At minimum, “Drawdown” is likely the most hopeful thing you’ll ever read about our ability to take on global warming.

Read more…

How the World Passed a Carbon Threshold…Eek!

Last year will go down in history as the year when the planet’s atmosphere broke a startling record: 400 parts per million of carbon dioxide. The last time the planet’s air was so rich in CO2 was millions of years ago, back before early predecessors to humans were likely wielding stone tools; the world was a few degrees hotter back then, and melted ice put sea levels tens of meters higher.

“We’re in a new era,” says Ralph Keeling, director of the Scripps Institution of Oceanography’s CO2 Program in San Diego. “And it’s going fast. We’re going to touch up against 410 pretty soon.”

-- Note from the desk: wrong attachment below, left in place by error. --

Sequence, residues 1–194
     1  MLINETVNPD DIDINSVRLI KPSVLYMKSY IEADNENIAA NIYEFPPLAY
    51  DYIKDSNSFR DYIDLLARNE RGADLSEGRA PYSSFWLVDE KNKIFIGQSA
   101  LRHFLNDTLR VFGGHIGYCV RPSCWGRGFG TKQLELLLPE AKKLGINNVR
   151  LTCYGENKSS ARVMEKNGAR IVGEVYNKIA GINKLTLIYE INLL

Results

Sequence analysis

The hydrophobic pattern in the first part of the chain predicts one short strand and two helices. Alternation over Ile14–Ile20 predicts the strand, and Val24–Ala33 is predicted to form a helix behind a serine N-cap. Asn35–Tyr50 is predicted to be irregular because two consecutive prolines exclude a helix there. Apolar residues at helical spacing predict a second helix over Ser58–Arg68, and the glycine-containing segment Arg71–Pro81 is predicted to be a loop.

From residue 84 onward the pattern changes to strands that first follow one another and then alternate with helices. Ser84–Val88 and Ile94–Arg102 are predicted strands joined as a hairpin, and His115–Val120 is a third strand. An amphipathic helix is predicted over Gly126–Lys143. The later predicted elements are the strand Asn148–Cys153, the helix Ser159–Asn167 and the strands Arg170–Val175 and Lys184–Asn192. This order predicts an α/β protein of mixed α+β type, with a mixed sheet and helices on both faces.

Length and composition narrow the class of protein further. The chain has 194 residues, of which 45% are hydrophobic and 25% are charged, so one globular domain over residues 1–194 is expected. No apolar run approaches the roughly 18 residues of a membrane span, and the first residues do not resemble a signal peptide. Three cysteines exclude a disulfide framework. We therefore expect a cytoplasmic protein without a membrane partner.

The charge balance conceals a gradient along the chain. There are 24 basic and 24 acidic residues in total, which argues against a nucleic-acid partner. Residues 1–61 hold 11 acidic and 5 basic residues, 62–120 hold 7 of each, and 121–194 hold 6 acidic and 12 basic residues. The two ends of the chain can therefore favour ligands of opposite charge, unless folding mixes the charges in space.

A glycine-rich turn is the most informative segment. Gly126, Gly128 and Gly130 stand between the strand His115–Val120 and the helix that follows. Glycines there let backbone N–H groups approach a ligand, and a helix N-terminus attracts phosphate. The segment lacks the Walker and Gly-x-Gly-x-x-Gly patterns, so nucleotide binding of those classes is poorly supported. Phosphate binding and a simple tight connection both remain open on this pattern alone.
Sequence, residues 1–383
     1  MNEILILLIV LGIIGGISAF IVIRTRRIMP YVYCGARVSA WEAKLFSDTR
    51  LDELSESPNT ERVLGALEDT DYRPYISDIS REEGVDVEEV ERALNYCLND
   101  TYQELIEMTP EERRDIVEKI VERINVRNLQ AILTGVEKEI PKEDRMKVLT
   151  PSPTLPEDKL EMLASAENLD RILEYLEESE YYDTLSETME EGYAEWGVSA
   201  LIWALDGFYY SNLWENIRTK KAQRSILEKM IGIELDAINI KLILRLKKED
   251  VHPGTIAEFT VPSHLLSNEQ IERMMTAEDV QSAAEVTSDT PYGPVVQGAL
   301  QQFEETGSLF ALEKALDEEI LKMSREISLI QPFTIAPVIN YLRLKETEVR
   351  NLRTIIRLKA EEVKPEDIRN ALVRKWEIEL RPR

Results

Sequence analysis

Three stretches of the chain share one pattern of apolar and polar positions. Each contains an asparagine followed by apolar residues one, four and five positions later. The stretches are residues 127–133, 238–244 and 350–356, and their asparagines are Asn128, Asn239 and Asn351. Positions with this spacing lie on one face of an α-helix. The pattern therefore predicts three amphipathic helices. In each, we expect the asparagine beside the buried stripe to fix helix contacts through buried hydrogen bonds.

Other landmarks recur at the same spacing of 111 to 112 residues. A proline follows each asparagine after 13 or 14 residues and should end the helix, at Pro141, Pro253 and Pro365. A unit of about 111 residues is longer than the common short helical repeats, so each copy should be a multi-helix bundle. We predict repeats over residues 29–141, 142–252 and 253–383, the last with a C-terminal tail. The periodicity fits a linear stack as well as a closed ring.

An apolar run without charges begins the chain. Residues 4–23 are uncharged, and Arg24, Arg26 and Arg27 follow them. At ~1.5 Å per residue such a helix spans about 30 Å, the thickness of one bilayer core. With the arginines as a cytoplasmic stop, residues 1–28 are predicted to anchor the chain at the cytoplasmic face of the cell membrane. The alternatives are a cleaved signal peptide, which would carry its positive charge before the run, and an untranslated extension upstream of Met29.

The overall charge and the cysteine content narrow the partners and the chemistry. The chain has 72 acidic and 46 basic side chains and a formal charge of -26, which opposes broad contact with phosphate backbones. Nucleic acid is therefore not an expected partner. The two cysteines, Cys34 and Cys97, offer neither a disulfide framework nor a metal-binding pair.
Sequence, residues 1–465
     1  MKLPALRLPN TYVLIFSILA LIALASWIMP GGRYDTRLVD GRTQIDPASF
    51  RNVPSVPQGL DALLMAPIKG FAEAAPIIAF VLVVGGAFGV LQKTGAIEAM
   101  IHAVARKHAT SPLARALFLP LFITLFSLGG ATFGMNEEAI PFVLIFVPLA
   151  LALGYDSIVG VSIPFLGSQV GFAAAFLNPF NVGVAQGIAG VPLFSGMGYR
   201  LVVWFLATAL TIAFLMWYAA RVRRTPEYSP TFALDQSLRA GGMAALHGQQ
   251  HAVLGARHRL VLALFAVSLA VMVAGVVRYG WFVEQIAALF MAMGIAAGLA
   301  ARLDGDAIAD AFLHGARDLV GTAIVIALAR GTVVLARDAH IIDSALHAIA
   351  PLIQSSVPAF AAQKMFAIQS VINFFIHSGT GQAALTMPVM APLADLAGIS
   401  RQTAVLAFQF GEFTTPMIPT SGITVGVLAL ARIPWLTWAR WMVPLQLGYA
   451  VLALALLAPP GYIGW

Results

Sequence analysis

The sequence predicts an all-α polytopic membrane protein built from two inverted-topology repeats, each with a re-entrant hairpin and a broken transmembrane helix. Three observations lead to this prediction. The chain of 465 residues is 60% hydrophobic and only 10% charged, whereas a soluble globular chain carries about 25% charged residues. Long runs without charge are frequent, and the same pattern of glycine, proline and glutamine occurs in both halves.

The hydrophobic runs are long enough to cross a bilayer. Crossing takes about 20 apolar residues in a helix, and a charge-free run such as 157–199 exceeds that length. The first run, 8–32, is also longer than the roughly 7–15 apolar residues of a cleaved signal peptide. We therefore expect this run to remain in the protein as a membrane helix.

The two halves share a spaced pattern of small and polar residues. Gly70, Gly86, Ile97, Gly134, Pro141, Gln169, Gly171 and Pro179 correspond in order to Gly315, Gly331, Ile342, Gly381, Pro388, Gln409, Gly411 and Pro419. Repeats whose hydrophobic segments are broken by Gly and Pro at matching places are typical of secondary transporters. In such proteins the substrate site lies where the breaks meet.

There’s nothing particularly magic about the number 400. But for environmental scientists and advocates grappling with the invisible, intangible threat of rising carbon dioxide levels in the atmosphere, this symbolic target has served as a clear red line into a danger zone of climate change.

When scientists (specifically, Ralph Keeling’s father) first started measuring atmospheric CO2 consistently in 1958, at the pristine Mauna Loa mountaintop observatory in Hawaii, the CO2 level stood at 316 parts per million (ppm), just a little higher than the pre-industrial level of 280 ppm. 400 was simply the next big, round number looming in our future.